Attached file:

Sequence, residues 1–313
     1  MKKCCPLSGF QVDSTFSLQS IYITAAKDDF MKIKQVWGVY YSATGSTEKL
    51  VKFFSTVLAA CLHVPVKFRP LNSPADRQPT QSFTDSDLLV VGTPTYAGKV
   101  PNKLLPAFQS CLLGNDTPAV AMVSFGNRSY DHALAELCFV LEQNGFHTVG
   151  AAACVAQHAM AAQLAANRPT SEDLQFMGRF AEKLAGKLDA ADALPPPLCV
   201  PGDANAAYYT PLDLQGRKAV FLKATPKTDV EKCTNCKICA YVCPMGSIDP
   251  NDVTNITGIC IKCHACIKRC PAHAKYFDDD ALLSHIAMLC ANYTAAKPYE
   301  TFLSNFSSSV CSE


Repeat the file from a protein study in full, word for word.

Sequence, residues 1–313
     1  MKKCCPLSGF QVDSTFSLQS IYITAAKDDF MKIKQVWGVY YSATGSTEKL
    51  VKFFSTVLAA CLHVPVKFRP LNSPADRQPT QSFTDSDLLV VGTPTYAGKV
   101  PNKLLPAFQS CLLGNDTPAV AMVSFGNRSY DHALAELCFV LEQNGFHTVG
   151  AAACVAQHAM AAQLAANRPT SEDLQFMGRF AEKLAGKLDA ADALPPPLCV
   201  PGDANAAYYT PLDLQGRKAV FLKATPKTDV EKCTNCKICA YVCPMGSIDP
   251  NDVTNITGIC IKCHACIKRC PAHAKYFDDD ALLSHIAMLC ANYTAAKPYE
   301  TFLSNFSSSV CSE